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Choice of Law in International Agreements


The interpretation of commercial agreements is heavily influenced by the law that will be applied in enforcing them. Parties are often familiar with the standard interpretations of routine clauses in agreements from their home jurisdictions. However, when doing business with someone from another jurisdiction, the issue of whose law will apply to the contract will eventually come to a head.

For international sales agreements, the United Nations Convention on the International Sale of Goods (“CISC”) referred to as the “UN Convention” in the United States, and the “Vienna Convention” in many other places, will provide a set of common rules for most issues between buyers and sellers. But even the CISG does not actually provide for rules of interpretation for the text actually agreed to between the parties in the contract.

Among the primary factors to consider in selecting a particular jurisdiction’s law for the contract, are: (i) the parties’ familiarity with that law and the availability of counsel and arbitrators who are also knowledgeable about it; (ii) how developed the law of that jurisdiction is regarding the type of contract and related industry; (iii) whether the parties prefer a jurisdiction that holds them to the letter of the agreement or inserts many additional implied terms; and (iv) whether the law of their respective jurisdictions will allow them to select the law they desire.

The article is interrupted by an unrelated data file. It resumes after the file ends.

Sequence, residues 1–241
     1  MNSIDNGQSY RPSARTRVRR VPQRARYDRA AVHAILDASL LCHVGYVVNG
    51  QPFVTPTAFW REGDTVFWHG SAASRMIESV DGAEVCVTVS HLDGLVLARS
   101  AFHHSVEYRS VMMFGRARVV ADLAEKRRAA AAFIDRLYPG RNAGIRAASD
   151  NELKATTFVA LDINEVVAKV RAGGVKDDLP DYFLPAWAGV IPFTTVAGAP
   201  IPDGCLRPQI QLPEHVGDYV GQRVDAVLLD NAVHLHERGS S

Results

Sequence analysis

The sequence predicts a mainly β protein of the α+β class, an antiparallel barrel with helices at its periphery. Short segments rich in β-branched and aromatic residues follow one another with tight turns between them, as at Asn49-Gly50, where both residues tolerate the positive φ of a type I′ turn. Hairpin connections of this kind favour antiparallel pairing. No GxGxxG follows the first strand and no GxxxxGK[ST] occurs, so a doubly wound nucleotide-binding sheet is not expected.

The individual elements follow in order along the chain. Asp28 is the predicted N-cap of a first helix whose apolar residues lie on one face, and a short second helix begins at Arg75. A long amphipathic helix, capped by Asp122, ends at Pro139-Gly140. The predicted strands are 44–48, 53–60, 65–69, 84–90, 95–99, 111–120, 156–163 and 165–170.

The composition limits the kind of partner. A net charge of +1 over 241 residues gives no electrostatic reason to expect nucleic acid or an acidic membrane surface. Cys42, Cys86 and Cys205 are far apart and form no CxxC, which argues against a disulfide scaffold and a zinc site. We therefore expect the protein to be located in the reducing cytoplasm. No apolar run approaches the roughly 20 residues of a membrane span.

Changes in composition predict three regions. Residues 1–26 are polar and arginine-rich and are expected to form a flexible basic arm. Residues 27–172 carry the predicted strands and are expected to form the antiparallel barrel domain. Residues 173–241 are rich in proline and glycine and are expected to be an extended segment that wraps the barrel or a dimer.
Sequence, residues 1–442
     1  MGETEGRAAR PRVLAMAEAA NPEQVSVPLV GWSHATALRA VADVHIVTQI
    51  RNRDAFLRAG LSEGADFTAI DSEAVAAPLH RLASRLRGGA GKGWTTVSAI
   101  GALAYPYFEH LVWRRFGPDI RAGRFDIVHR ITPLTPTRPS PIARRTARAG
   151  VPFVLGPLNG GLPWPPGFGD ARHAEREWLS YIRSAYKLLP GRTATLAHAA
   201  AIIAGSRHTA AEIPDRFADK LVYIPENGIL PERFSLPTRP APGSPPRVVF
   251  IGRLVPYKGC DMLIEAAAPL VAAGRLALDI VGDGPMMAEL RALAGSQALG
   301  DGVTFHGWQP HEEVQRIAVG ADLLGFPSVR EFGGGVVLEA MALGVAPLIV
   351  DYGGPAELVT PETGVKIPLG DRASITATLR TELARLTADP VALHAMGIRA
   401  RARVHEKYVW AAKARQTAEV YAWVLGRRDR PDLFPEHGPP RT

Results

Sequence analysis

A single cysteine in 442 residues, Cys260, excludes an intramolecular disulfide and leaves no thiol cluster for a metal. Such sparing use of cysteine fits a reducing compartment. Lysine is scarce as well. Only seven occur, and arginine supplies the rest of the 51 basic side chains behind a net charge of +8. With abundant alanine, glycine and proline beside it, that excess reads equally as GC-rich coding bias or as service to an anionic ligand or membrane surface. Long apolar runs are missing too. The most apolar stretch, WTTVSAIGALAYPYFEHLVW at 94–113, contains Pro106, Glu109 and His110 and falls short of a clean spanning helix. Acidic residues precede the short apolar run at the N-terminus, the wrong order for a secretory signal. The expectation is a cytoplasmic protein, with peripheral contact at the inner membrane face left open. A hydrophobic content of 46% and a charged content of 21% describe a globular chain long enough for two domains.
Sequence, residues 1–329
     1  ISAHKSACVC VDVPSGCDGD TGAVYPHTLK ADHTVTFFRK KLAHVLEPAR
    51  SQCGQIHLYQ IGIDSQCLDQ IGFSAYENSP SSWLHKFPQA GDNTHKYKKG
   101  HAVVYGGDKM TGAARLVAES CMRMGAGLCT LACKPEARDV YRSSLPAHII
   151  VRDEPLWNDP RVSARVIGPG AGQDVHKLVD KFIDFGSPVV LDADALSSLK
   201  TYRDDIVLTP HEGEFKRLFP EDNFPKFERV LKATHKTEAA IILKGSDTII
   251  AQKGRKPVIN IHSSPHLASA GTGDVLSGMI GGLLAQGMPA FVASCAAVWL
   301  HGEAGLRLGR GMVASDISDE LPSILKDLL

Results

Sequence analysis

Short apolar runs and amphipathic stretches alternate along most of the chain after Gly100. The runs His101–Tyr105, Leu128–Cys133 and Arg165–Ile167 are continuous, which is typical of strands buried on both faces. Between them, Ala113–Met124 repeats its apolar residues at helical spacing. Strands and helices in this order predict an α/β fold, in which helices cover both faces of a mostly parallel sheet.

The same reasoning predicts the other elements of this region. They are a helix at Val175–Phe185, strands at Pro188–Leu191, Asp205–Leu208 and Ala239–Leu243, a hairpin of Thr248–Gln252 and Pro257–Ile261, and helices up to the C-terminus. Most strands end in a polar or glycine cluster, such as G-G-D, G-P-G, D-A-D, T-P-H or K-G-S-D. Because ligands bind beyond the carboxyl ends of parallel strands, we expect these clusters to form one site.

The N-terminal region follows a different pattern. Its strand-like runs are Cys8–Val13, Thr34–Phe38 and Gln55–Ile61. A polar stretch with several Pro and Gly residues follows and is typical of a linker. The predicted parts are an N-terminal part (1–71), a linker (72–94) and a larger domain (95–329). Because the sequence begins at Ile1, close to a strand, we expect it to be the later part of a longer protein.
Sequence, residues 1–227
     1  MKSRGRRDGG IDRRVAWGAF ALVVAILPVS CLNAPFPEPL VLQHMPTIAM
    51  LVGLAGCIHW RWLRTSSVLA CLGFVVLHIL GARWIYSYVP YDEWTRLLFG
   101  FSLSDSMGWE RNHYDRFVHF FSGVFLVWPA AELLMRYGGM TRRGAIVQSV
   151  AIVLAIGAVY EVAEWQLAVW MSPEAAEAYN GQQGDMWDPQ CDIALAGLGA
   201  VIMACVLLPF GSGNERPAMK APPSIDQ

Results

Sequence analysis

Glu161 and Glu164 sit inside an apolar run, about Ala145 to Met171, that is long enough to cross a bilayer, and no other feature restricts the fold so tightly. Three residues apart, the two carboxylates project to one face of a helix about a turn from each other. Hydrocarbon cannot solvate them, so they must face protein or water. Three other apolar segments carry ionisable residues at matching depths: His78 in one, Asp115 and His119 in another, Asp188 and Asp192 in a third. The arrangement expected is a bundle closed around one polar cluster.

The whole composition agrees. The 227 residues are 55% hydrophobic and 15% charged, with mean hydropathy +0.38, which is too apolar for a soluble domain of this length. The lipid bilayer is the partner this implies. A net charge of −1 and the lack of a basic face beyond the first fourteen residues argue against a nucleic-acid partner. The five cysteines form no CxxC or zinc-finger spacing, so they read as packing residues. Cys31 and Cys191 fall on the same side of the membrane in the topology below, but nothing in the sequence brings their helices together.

Internationally, the law of England and Wales has been a favorite for commercial agreements. However, Swiss law and the law of New York are also favored in certain regions and industries. Within the United States, the laws of New York and Delaware are often favored for their reputation for enforcing the letter of the agreement, rather than reading additional obligations into the parties’ relationship. The choice of law in the parties’ contract will be a deciding influence in some disputes, since the law will decide how the words the parties use will be interpreted. However, the parties will need to consider all of the above factors in determining if the law they think they prefer can be applied to their contract.

©2024 Masuda, Funai, Eifert & Mitchell, Ltd. All rights reserved. This publication should not be construed as legal advice or legal opinion on any specific facts or circumstances. The contents are intended solely for informational purposes and you should not act or rely upon information contained herein without consulting a lawyer for advice. This publication may constitute Advertising Material.